Return of the Navy’s Tiny Tactical Torpedo: The Cutie II

by admin on July 31, 2013

CAT-Launch-from-CVN77Look what’s back!  The tiny torpedo!  After a long gestation period, the old and much-maligned World War II-era Cutie torpedo is getting to sea, fresh and reinvented for a different decade…And that’s great!

Even though the “Countermeasure Anti-Torpedo (CAT)” (or, as I call it the CUTIE II) is being placed on big surface ships as a self-defense measure, there is no reason to constrain the CAT’s mission to anti-torpedo work. For any tough-to-resupply platform challenged by large numbers of small, low-value targets, there’s much to love in having a handful of cheap, small, (hopefully) simple-tech homing torpedoes smaller than Mk 50/Mk 54 variants (Earlier in development, CAT’s forebear, the Anti-Torpedo Torpedo, reportedly had a 6.75 inch diameter seaframe of about 200 lbs.).

The CAT will obviously never endanger the grand-daddy MK ADCAP heavyweight torpedo.  These big 3,500+ pound underwater rockets and their 650 pounds of high-explosives offer an immediate, tough-to-defeat kill.

But a tiny torpedo to disable small patrol craft or UUVs is overdue.

It’s been a long road for tiny torpedoes.  The first “mini-torpedoes” were not entirely popular–as you might guess from this summary of the first use of the Cutie in wartime, from Clay Blair’s great book, Silent Victory: The U.S. Submarine War Against Japan:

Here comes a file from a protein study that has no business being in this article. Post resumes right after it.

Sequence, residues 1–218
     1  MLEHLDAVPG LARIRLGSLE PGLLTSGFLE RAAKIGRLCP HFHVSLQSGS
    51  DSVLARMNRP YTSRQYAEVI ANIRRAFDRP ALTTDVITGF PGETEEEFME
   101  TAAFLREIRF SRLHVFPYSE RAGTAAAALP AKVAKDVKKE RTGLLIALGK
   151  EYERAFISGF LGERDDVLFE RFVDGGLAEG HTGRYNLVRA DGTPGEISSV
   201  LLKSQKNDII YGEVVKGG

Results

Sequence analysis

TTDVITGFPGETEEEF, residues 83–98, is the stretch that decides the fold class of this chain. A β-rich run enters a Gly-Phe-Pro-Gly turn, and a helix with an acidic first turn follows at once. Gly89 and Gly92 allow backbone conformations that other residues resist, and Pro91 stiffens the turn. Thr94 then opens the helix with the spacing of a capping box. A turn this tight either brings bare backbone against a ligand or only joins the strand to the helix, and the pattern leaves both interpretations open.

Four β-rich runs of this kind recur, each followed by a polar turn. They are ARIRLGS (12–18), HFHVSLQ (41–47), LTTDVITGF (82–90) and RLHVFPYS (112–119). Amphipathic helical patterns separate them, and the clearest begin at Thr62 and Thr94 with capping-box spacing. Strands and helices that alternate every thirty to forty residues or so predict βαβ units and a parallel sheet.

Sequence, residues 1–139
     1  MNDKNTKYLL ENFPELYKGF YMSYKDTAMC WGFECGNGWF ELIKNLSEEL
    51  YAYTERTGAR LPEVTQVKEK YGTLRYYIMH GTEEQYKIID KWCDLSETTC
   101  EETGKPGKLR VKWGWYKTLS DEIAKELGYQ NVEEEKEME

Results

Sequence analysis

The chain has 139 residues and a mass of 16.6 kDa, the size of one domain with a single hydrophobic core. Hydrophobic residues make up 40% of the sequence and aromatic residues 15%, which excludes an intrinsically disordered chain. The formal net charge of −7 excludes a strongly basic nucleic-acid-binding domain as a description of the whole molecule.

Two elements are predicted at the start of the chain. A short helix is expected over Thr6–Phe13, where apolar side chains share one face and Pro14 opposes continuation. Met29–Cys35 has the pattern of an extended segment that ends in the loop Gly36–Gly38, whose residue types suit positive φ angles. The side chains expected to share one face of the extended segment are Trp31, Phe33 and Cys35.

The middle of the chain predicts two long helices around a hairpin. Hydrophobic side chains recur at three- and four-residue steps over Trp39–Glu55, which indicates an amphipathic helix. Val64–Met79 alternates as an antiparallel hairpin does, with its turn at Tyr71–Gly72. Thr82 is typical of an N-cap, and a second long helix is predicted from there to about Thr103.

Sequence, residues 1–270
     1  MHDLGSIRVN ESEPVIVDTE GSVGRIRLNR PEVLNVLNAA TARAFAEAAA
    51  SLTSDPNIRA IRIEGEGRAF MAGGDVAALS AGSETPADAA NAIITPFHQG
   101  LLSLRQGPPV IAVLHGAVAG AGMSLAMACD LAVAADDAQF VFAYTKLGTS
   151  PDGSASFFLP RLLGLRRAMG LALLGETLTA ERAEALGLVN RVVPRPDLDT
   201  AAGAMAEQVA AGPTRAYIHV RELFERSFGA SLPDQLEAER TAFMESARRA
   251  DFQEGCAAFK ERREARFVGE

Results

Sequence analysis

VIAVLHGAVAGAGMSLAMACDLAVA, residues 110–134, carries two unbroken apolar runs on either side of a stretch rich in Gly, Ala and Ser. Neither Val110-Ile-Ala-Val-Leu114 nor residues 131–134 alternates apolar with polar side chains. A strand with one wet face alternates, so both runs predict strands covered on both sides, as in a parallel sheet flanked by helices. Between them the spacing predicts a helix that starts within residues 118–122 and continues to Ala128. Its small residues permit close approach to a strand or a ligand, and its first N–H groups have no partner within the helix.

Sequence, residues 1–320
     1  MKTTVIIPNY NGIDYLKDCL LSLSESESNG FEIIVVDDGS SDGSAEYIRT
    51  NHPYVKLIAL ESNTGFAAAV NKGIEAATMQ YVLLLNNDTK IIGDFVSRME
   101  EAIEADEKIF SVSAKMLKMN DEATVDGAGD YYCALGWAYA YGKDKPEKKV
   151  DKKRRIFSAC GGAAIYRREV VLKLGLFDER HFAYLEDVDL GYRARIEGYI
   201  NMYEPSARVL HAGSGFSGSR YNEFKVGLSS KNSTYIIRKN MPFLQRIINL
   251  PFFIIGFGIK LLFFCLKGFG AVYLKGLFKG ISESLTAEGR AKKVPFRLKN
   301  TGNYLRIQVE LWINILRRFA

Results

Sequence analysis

“When Bennett [skipper of the USS Sea Owl (SS-405)] returned from patrol, Lockwood was pleased.  Although the test had been “spotty” (as Lockwood described it), it seemed to him that the Cutie had merit, especially as a weapon to use against shallow-draft antisubmarine vessels.  Even if the Cutie didn’t sink them, it might damage the propellers and force them to stop, as had been the case in Bennett’s first two attacks.  Then, once they had been stopped, a submarine might actually sink them with another Cute or with an electric set to run at shallow depths from short range…”

But heavyweight torpedoes, as much as they offer, are just too big for many of the numerous low-value targets out there today. And as UUVs (and subs) get smaller and smaller (and the imperative to quickly get rid of unmanned pests grows and grows), small, simpler torpedoes are the only viable option.

(This isn’t just a Navy problem.  The Coast Guard has a responsibility to consider this type of weapon as well.  If the Coast Guard is tasked to stop an incoming freighter, outside of a hostile takeover of the ship, the Coasties have little in the way of options.  I’d love to see a Medium Endurance Cutter try to stop even a smallish oil-tanker by guns alone. A small torpedo, capable of disrupting propulsion and/or steering mechanisms, can stop a large ship in its tracks.)

Of course, the ultimate customer for a tiny tactical torpedo will be the Unmanned Vehicle Community itself, which is, I assume, always eager to hear about anything that might match the same general dimensions as, say, the average Hellfire missile

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Craig Hooper July 31, 2013 at 2:56 pm

Always a pleasure to hear from the best Coast Guard Blogger out there (and he’s California-based, no less!)…Shoot me an email with your current contact info, will ya?


Chuck Hill July 31, 2013 at 12:13 pm

Craig, Nice to see you back on the Web. You picked up on one of my favorite topics.


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